When Becky’s/Mary’s sends you home with food, you can count on stretching it into two meals. (photo by Jordan Green)
When NC Rep. Marcus Brandon found himself embroiled in controversy with his fellow Democrats over his support of charter schools, he scheduled a constituent meeting in High Point to explain his positions. Wisely, he chose Becky’s/Mary’s Soul Food Restaurant to cater the event.
“I think Becky’s and Mary’s was a bigger draw than Marcus Brandon,” the lawmaker said. “We had over a hundred folks at Morehead Recreation Center. People arrived early. It was clear that Becky’s and Mary’s was the catalyst.”
If your reference points in High Point are the furniture market, North Main Street, Lexington Avenue, Eastchester Drive or Kivett Drive, you may not know about East Washington Drive. It’s the historic commercial center of black High Point, and it’s literally across the tracks from Kivett Drive. The eminent Penn Griffin School for the Arts graces the street, but there are also distinguished brick storefronts whose windows are boarded up. Barbers and beauty shops have come and gone.
Sisters Rebecca and Mary Ingram worked at the L&M Restaurant, owned by lawyer John Lankford and George Monk. Rebecca, the oldest of nine children, moved to High Point from Anson County in 1959 after graduating from high school. Mary, the fifth child, was in ninth grade when she moved in with her sister. She finished high school in High Point.
In 1973, the sisters went into business for themselves. “I got mad and walked out,” Rebecca recalls. “All the customers followed me down here. I made [Lankford’s] business. He said it wouldn’t last.”
In 1983, they bought the building, a drug store in its former incarnation, for $6,000.
Built from textured blocks, nothing on the outside of the building advertises it as a restaurant except an unplugged neon “Open” sign in the window and a laminated sign that promises, “Service with a smile.” When I visited on a late Friday afternoon last week, Rebecca was seated with a customer at a booth. Mary was standing behind the cash register smiling and chatting with customers in a way that made it clear everyone was familiar to each other. The sisters are sweet ladies who come across as mildly shy.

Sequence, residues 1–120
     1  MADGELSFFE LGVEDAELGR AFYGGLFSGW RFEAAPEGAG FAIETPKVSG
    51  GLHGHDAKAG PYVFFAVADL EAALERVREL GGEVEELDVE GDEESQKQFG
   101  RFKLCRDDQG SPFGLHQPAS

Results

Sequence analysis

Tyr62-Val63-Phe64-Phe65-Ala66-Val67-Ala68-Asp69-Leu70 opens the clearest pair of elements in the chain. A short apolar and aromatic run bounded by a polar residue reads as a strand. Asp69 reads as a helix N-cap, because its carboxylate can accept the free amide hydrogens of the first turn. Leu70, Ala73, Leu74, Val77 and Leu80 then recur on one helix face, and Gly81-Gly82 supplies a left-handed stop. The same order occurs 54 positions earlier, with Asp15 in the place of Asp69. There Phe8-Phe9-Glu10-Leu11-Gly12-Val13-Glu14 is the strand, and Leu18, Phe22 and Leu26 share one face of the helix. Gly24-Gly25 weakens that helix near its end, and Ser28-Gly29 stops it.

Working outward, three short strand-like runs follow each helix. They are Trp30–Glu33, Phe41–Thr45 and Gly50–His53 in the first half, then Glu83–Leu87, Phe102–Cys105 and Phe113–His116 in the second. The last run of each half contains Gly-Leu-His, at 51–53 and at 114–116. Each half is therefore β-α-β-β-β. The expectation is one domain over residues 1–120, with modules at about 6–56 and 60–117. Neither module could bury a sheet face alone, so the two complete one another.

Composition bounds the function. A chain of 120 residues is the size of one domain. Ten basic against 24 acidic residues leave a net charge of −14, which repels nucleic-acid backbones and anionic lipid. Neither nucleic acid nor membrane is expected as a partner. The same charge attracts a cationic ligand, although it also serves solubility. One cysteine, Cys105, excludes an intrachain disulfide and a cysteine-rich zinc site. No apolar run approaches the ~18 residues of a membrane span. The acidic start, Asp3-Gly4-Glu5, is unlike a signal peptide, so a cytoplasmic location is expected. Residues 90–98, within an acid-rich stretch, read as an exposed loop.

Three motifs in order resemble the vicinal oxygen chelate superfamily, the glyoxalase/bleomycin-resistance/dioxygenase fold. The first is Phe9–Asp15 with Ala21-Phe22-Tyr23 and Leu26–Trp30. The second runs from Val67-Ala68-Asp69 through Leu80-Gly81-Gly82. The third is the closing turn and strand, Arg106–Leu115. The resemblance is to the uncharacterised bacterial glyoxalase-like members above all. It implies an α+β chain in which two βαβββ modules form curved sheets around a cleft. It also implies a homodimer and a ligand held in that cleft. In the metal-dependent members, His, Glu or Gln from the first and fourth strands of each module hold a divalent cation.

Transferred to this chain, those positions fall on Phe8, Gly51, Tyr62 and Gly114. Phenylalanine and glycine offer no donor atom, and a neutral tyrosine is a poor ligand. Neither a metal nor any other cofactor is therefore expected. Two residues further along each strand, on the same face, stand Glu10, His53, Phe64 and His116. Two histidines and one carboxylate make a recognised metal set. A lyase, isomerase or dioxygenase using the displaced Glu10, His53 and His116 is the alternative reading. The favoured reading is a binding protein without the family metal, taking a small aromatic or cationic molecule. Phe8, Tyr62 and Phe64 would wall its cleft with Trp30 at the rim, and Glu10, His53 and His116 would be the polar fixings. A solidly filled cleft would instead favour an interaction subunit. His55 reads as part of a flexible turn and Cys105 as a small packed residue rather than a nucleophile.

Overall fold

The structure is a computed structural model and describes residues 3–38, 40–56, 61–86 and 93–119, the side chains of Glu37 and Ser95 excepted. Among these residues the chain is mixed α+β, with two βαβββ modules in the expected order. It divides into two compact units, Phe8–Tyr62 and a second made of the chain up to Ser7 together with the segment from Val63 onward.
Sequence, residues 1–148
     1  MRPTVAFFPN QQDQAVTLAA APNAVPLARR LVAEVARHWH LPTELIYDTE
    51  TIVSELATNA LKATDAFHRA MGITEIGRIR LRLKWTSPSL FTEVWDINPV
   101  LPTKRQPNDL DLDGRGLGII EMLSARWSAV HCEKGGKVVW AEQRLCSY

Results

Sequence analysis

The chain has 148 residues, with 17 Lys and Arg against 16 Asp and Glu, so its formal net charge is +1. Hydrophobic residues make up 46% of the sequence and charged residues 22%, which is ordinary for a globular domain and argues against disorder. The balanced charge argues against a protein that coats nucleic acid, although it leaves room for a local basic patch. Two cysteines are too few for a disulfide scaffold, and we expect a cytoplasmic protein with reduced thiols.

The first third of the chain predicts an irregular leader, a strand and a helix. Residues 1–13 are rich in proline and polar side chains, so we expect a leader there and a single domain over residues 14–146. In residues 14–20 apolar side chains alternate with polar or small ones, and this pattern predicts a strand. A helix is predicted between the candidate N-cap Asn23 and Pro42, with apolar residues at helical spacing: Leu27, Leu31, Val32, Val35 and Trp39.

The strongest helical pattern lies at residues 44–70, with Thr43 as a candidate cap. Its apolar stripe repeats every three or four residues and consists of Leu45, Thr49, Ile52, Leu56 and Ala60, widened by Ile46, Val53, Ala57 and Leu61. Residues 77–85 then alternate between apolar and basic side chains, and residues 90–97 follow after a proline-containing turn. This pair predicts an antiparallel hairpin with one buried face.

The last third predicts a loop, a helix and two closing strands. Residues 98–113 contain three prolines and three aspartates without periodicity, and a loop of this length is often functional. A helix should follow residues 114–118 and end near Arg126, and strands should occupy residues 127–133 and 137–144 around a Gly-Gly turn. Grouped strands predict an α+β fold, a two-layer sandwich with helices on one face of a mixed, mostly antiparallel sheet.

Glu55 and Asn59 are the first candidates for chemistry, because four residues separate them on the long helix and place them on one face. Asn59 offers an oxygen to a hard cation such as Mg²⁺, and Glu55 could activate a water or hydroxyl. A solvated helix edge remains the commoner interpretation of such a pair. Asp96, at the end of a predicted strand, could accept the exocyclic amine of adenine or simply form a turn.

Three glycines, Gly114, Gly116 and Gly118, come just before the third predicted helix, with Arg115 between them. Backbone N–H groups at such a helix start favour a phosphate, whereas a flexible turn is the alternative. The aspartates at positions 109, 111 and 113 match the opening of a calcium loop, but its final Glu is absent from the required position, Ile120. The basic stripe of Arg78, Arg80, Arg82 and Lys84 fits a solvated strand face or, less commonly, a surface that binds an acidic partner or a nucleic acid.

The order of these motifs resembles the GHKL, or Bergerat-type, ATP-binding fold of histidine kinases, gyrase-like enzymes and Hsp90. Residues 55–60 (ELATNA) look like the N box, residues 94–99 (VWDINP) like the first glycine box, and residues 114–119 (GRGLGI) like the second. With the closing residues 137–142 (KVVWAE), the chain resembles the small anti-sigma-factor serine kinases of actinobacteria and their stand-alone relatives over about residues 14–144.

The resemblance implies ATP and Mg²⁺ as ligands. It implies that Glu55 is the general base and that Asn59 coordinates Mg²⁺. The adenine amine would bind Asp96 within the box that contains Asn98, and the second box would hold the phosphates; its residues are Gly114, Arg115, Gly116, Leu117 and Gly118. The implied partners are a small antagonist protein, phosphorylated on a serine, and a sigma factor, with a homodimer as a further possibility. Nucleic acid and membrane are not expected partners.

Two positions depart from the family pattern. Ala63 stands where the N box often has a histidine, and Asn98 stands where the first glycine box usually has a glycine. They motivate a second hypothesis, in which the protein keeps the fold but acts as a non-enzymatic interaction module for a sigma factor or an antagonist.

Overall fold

They’re serving three entrees today: Fried chicken, fish and meatloaf. I’m a big fan of the meatloaf. It’s the ultimate comfort food, but something about the way Becky’s/Mary’s makes it strikes a delicate balance. The ground beef is tender and savory and each slice is slathered at the top with a sweet tomato paste.
Without producing a menu, Rebecca asks me what I want to eat.
Maybe because I had eaten their food at a catered event before or maybe because I had scanned the dry-erase board next to the cash register, I have no trouble making a decision: meatloaf, mac and cheese, candied yams and cornbread. Rebecca suggests adding green beans, and I readily agree. And ice tea. She takes my order without writing anything down and heads for the kitchen, good naturedly poking a sleeping customer and dumping a stranded tray along the way.
The tea comes back cut with lemonade — something I hadn’t specified but, in fact, wanted.
The meal, delivered on a Styrofoam plate with plastic utensils wrapped in a napkin, is everything soul food should be — heaping portions, soothing and tasty without being overcooked or oversaturated in fat. I have not eaten since breakfast, and I am mad for this food.
The meal holds a mystical quality to me, and when Rebecca sits down across from me I stammer out a question about what goes into the food to make it so good.
“It’s all in the hands,” she says. “You’ve got to get up in the morning and give God thanks. He does the rest. I’m 70. I’m blessed and highly faithful.”
Mary and employee Samantha McCullough interrupt with a playful jest at each other to the effect that McCullough sometimes thinks she’s the boss. Rebecca waits patiently and then continues.
“I was blessed from Day 1. I was walking down Washington Drive the day I got here, and I got a job right away. God blessed me all through the years. He wants you to live your life and be happy. It’s all in the hands.”
Becky’s Mary’s Soul Food Restaurant is located at 731 E. Washington Drive in High Point. The restaurant is open daily from 6:30 a.m. to 5 p.m. Call 336.883.9917 for information.